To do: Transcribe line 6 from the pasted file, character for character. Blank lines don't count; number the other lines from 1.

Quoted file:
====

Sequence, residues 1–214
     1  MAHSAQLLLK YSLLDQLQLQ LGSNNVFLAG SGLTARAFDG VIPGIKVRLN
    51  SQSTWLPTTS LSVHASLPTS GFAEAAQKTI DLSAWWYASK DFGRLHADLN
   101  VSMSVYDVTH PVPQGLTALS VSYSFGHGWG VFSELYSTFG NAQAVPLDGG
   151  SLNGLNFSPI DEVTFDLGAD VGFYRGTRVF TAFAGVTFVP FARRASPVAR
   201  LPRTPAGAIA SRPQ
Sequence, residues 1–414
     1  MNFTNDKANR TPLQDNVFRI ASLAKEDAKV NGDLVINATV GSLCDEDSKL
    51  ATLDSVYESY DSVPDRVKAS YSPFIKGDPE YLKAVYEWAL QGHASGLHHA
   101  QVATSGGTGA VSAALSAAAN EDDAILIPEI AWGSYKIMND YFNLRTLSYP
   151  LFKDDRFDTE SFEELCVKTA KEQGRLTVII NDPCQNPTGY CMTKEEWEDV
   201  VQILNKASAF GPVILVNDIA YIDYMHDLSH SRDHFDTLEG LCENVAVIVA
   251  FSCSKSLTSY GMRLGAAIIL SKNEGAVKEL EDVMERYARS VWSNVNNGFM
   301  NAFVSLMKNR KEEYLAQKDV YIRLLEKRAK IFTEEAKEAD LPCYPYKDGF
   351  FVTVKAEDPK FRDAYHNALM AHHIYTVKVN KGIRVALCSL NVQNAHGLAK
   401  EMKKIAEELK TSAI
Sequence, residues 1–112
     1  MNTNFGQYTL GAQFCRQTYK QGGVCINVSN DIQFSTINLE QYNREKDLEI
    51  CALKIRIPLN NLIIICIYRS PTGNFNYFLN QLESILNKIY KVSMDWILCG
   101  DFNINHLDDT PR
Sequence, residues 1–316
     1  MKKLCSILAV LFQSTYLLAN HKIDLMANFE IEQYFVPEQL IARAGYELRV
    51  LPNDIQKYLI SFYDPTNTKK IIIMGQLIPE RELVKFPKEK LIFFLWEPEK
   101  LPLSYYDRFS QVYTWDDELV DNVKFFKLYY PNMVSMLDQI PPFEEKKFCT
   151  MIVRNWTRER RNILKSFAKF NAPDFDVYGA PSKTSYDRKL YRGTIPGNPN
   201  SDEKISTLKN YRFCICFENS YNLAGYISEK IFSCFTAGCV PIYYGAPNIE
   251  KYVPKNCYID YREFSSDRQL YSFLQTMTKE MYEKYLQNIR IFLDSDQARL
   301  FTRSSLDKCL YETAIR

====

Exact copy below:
   201  LPRTPAGAIA SRPQ